Financials are more likely to survive this week’s market wobbles than commodities as questions start to build over the so-called Trump trade, investment analysts reckon.
The S&P 500 was down 0.3 per cent in early trading today, having fallen 1.4 per cent on Tuesday marking the end of a 110-day rising streak without a 1 per cent drop.
The Nasdaq was this morning down 0.1 per cent, while the Dow Jones Industrial Average was down 0.4 per cent.
Bullish investors appear to be nervous at the ability of US president Donald Trump to implement his most pro-growth policies as he faces resistance to healthcare reforms and confirmation that he is under FBI investigation for links with Russia.
His budget blueprint also included little detail on his proposed infrastructure spend.
Reflation expectations have driven cyclical sectors such as financials and commodities higher, Tilney Group managing director Jason Hollands says.
“There’s no doubt that if the programme of tax cuts, an infrastructure investment blitz and cutting of red tape comes to pass, this agenda should be very pro-growth and this could prove particularly good for bank shares but implementation of this agenda is not guaranteed if Trump can’t carry his own party with him or worse still ends up being impeached.”
Commodity ETFs have enjoyed bumper inflows this year with a Source ETF hitting $1bn of assets just one month after opening, while a UBS ETF also hit the $1bn mark in March.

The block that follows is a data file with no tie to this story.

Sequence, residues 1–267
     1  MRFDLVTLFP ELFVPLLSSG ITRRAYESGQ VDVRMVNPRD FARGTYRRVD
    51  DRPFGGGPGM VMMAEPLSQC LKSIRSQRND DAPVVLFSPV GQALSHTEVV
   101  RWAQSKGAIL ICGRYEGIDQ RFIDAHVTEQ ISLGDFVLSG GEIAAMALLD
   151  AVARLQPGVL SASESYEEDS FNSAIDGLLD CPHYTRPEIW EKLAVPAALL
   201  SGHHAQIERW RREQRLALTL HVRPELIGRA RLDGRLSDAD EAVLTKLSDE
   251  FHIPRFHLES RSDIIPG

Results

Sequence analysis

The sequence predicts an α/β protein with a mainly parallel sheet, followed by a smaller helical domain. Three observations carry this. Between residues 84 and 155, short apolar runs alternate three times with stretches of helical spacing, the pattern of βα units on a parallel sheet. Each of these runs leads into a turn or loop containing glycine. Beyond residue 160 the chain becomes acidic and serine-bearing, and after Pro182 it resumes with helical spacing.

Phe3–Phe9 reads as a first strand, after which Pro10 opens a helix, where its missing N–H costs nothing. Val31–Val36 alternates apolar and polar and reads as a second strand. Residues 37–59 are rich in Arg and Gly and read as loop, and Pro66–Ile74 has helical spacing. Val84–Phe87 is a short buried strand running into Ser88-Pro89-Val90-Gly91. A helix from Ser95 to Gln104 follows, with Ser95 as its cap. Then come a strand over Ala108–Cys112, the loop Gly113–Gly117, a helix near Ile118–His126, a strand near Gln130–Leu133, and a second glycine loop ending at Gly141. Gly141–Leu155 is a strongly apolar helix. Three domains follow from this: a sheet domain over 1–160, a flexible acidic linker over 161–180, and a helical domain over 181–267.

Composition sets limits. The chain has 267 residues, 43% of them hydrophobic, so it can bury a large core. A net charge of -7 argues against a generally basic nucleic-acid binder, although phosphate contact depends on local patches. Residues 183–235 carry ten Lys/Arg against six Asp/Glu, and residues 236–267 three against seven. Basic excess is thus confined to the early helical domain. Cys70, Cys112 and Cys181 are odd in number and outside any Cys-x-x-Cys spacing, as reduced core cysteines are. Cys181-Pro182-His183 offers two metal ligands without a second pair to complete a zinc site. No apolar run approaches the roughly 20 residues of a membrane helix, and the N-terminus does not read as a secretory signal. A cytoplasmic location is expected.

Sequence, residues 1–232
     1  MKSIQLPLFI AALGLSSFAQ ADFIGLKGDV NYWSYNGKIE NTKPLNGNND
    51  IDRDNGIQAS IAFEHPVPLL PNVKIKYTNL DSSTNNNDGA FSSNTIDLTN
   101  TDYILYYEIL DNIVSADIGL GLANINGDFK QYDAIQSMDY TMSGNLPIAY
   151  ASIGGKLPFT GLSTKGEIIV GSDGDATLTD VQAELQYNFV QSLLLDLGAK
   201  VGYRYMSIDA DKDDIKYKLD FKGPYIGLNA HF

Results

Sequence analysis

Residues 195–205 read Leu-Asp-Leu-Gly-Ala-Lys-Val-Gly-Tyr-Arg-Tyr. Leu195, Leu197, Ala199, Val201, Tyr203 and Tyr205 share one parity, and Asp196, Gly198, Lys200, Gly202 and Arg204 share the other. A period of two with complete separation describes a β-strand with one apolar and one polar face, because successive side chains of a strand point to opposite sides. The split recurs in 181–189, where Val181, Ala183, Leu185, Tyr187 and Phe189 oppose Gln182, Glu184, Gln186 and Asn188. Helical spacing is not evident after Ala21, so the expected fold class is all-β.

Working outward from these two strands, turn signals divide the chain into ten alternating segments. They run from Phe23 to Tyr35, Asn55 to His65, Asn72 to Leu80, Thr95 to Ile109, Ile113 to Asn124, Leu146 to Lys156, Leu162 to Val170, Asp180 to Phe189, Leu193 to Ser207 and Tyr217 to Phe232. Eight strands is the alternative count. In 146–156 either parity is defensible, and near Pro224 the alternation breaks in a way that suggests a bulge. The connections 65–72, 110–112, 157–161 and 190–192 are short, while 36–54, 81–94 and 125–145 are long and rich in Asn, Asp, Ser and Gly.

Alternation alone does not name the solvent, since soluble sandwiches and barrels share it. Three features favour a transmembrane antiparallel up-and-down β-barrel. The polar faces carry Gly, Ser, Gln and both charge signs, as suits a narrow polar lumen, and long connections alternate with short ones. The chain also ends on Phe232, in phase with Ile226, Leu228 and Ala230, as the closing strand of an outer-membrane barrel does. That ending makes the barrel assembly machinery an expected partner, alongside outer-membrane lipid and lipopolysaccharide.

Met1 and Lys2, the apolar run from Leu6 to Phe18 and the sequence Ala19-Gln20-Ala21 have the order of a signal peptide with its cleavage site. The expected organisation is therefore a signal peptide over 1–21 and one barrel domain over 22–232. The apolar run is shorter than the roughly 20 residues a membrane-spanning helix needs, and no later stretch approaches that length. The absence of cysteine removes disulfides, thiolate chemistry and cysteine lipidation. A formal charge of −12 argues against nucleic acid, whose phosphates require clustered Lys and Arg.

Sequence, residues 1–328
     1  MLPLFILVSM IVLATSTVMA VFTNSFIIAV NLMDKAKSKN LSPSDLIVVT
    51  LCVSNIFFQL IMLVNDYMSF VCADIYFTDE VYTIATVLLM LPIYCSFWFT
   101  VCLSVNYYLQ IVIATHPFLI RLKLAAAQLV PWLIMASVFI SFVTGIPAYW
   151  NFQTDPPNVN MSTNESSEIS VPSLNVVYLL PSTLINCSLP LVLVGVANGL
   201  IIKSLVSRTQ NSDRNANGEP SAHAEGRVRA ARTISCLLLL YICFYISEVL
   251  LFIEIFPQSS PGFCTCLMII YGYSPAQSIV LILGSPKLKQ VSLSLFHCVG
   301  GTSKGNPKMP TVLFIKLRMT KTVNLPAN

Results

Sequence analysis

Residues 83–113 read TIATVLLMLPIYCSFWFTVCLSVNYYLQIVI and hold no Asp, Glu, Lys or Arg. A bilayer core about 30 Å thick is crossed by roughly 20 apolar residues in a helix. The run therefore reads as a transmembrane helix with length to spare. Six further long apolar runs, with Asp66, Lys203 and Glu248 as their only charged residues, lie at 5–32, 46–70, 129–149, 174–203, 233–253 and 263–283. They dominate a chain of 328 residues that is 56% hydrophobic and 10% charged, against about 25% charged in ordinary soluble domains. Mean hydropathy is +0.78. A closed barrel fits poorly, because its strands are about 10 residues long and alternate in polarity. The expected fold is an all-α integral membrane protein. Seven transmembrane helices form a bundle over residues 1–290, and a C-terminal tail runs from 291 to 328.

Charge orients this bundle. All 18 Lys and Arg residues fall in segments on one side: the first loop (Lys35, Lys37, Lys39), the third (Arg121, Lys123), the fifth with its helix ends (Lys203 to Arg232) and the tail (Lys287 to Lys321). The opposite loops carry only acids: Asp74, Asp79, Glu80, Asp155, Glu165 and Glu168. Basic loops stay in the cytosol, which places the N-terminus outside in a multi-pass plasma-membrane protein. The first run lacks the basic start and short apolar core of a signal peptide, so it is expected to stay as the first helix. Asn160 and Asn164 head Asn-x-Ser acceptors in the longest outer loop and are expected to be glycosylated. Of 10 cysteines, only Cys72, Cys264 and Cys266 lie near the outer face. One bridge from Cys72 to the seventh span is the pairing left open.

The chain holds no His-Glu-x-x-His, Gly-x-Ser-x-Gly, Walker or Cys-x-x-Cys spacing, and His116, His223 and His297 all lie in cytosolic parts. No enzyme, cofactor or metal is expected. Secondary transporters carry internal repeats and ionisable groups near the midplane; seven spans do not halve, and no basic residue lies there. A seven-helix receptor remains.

However, commodities have gone “a little too far” in their recent rally, reckons Chelsea Financial Services managing director Darius McDermott.
“Financials have been underloved for some time and have also enjoyed a rally recently, but not to the same extent as commodities. There is scope for them to do well still if US growth picks up and regulation is relaxed.”
Sheridan Admans, co-fund of funds manager at The Share Centre, also expects commodities to remain flat.
“The commodity rally in our view has been more to do with the China stimulus announcement in late 2015 supporting prices.
“However, given that China has once again started to tighten monetary policy by raising money market rates in order to steady the economy, allied to concern over the speed of Trump’s policy initiatives getting through Congress we suspect prices will remain flat though 2017.”
Admans adds: “Financials should benefit in the medium-term from a rising rate environment but market falls, causing bonds to rally, are likely to be a headwind.”
For the market as a whole, historical data suggests the ending of a rising streak does not necessarily signal the end of a bull market, AJ Bell investment director Russ Mould says.
The S&P 500 has risen 13.1 per cent on average in the one-year following such streaks in the past, according to data going back to 1970, Mould says.
However, Mould warns against complacency.
“With the Vix trading at just 12.4, compared to its lifetime average of nearly 20, and flotations such as Snap, Mulesoft and Canada Goose offering the first potential sign of froth appearing in the markets, investors should at least prepare for further volatility in US stocks, especially if the Trump plan gets off the ground more slowly than hoped.”
The longest rising streak without a 1 per cent drop was in 1985 and reached 116 days.